Paul Rankin is the high street go to for all your Irish bakery products, in fact if he wasn’t there I’m not sure where you’d go to pick up a barmbrack when the need arose. I’ve experienced his products (made by Irwins) on a number of occasions and broadly speaking they’re pretty good if not outstanding, which is standard for the majority of mass produced supermarket products where mediocrity reigns supreme. There was one time when he deviated from the bakery and dipped his toe into butchery to create some sausages which were not good, so I’m sticking with the bread.
In recent times the Rankin packaging has changed from a photo of Paul’s face to an illustrated picture of him. I don’t know what the thinking behind this was as the previous photo wasn’t creepy like the one on Paul Hollywood packaging is, but Paul Rankin looks suitably happy and hirsute so I’ll go with it.
When I picked up the soda farls I was a bit confused about whether or not I’d already reviewed them as each product in the range is a variation on another and they all start to sound the same in the end. To name a few there’s Irish Brown Soda Bread, Irish Soda Farls, Irish Potato Farls, Irish Fruit Soda, and Irish Fruit Loaf. It tuens out I hadn’t tried the Irish Soda Farls before, just the Irish Potato Farls and the Irish Fruit Soda so it was time to try the latest Irish bread experience.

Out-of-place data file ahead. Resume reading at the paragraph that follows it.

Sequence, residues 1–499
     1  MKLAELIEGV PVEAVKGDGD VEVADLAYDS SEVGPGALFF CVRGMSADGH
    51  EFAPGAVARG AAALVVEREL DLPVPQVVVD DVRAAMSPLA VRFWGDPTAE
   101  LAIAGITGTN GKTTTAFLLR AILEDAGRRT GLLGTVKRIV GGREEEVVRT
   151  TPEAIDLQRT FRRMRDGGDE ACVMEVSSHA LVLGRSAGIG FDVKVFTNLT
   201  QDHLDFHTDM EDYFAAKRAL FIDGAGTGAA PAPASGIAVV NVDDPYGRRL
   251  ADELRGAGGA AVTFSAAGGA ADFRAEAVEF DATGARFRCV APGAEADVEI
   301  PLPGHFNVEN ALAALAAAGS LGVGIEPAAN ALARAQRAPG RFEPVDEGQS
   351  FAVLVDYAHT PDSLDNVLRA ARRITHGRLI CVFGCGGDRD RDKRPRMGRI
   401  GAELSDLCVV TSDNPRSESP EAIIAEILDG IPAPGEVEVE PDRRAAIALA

The packet says there are “approximately 4 portions” which suggests someone is either really bad at approximations or they’re really stingy. There are two farls and therefore very accurately two portions or if you’re mean and only serving half a farl then very accurately four portions! The packaging then contradicts itself a little with a quote from Paul which says “Simply slice down the middle, toast, butter and add lots of bacon… I’d say one of the world’s best bacon sandwiches.” this sounds to me very much like one bacon sandwich, involving one farl and consequently one portion so even Paul is confused as to what he should be recommending.
The farls are like springy door stops and are made of 42% buttermilk alongside a few e numbers, palm oil and wheat flour. I sliced it in half, slathered with butter and topped with a poached egg. The farl didn’t have masses of flavour but it had a good light texture and for soaking up butter and mopping up salty egg yolk it was the perfect vehicle. It was essentially fat toast and who doesn’t like some fat toast on occasion? Compared to your usual mass produced bread product this is a step up, it’s a million miles from an artisan loaf, but in the marketplace of mediocrity where it is competing it more than holds it’s own.
Paul Rankin Traditional Irish Soda Farls – Can’t remember how much about a quid for two.